INDEX | NEXT (Grazing) | PREVIOUS

27. Carbon Allocation of Leafy Spurge Following Defoliation  Bret E. Olson and Roseann T. Wallander, Animal and Range Sciences Department, Montana State University, Bozeman, MT 59717.

Leafy spurge (Euphorbia esula) is expanding in North America because it is competitive, because many large animals avoid it while grazing associated species, and because its native enemies were not introduced at the same time. Our objective was to determine how defolating leafy spurge and associated species affect their ability to gain and allocate carbon, an indicator of the competitive ability of a plant. We grew single plants of leafy spurge in pots with single plants of one of three species, the introduced rhizomatous Kentucky bluegrass (Poa Pratensis), the native bunchgrass Idaho fescue (Festuca idaboensis), and alfalfa (Medicago sativa). In a randomized block design (n = 4), leafy spurge plants and their neighbors in each pot were either: 1) defoliated, 2) not defoliated, 3) leafy spurge defoliated, neighbor not defoliated, or 4) neighbor foliated, leafy spurge not defoliated. Twenty-four hours after defoliation, we labeled these plants with the stable 13CO2 isotope using small plexiglass chambers placed over the plants. Plants were harvested 1 and 3 days post labeling. Shoots and roots were separated, oven-dried, weighed, and ground. These samples were sent to an analytical laboratory to determine 13C levels. Carbon uptake by shoots or allocation to roots of leafy spurge was not affected by the identity of neighbor species. However, carbon uptake by shoot s and allocation to roots were significantly reduced by defoliation. These reductions were similar whether only the leafy spurge was defoliated, or leafy spurge and its neighbor were defoliated, indicating that leafy spurge was unaffected by the status of the neighbor. Carbon uptake by alfalfa shoots was unaffected by defoliation. However, carbon allocation to alfalfa roots was minimal when the alfalfa plant alone, or the alfalfa and leafy spurge plants within a pot were defoliated. Carbon uptake by shoots and allocation to roots in Kentucky bluegrass, and especially Idaho fescue, were reduced by defoliation. Our results indicate that although leafy spurge gains and allocates carbon similarly when growing with different species, these species have significantly different responses to defoliation when growing with leafy spurge. Using carbon uptake and allocation as an indicator of competitive ability, alfalfa is most competitive, Kentucky bluegrass is intermediate, and Idaho fescue is least competitive with leafy spurge.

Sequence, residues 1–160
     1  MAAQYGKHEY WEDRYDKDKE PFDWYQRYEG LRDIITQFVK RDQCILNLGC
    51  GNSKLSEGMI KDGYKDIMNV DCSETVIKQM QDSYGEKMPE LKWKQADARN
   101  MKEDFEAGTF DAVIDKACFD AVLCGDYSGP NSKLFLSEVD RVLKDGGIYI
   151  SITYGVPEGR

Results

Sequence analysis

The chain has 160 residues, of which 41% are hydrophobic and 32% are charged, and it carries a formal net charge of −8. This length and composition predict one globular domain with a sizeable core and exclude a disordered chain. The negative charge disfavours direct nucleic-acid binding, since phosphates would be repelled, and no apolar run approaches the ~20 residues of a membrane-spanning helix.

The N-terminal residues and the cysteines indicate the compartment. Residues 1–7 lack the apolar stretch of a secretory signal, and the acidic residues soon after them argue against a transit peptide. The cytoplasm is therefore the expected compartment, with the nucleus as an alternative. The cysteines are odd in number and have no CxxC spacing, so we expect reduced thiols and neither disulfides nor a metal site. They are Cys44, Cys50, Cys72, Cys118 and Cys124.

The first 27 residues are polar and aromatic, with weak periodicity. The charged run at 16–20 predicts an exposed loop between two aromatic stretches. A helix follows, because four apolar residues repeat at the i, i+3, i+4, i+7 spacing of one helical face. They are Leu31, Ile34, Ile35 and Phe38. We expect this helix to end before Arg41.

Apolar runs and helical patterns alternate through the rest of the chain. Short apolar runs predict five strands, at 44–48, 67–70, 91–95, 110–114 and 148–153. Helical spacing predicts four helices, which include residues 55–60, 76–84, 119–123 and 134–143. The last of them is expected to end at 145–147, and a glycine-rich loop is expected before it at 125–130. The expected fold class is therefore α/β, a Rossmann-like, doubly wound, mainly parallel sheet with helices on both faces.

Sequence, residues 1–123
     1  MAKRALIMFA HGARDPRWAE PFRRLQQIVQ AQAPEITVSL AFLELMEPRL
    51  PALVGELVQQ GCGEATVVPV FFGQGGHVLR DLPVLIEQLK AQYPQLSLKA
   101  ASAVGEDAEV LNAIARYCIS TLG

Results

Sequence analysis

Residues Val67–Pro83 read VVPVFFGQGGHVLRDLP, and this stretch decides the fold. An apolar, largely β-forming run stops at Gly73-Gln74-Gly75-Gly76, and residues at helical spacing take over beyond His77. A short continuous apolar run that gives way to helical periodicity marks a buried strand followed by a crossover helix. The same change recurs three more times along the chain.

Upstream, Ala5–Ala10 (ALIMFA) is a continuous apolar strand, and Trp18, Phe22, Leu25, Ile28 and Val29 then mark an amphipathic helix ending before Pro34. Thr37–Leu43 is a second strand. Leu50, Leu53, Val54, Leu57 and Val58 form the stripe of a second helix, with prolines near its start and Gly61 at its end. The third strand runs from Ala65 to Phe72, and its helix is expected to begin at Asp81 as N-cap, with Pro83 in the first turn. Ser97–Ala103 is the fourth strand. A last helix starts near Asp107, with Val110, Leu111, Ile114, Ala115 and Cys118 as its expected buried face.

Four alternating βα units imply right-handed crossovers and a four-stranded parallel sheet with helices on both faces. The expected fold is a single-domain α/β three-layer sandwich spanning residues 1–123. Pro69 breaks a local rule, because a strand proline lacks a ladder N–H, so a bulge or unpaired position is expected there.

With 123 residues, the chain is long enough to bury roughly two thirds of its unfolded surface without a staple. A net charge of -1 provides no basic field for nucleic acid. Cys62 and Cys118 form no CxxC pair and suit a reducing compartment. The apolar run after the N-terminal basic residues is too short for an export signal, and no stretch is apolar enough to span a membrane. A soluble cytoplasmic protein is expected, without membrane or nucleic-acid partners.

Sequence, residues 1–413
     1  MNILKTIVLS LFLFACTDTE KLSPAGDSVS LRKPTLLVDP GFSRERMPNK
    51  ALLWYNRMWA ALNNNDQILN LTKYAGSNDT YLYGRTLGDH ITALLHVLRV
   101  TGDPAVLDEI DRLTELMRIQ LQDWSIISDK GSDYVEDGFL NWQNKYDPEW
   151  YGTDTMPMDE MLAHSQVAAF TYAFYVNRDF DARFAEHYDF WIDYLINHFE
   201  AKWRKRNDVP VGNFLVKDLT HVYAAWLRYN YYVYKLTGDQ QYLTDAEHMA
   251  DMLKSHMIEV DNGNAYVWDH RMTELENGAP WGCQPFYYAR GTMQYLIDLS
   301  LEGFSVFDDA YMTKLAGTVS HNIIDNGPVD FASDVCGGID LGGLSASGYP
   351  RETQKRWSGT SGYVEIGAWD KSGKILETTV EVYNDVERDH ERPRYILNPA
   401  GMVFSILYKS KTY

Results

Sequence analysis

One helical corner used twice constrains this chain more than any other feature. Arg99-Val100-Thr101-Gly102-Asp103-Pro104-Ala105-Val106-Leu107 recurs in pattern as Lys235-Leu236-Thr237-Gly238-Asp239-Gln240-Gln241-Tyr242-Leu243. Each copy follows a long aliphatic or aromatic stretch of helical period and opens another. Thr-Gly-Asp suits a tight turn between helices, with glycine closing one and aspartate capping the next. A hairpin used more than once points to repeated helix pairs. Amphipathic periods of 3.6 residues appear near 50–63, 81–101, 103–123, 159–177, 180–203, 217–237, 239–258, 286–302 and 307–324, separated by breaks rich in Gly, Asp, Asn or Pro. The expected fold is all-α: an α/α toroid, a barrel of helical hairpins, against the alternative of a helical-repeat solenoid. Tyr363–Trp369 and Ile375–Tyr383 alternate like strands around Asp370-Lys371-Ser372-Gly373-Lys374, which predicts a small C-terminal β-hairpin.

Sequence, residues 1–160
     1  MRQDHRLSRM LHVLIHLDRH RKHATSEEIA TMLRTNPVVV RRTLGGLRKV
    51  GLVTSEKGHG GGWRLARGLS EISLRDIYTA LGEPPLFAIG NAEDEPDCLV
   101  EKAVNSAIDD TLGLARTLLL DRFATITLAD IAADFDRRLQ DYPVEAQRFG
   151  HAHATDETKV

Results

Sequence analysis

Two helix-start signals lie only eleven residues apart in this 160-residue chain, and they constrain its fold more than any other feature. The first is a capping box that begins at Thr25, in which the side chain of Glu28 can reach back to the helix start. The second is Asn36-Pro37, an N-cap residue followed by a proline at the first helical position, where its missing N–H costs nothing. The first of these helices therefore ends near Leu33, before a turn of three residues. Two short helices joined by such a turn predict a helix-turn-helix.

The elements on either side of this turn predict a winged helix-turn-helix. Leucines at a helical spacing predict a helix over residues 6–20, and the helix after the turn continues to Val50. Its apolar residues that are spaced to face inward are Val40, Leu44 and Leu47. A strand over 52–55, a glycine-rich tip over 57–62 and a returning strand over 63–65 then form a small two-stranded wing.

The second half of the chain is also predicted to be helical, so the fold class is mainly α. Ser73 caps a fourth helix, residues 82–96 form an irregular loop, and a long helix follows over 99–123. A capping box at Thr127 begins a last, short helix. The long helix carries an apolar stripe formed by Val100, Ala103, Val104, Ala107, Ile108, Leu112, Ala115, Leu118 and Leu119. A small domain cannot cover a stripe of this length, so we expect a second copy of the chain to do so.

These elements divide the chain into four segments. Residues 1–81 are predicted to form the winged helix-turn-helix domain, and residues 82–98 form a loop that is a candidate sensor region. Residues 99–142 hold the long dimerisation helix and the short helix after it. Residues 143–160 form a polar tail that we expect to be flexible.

INDEX | NEXT (Grazing) | PREVIOUS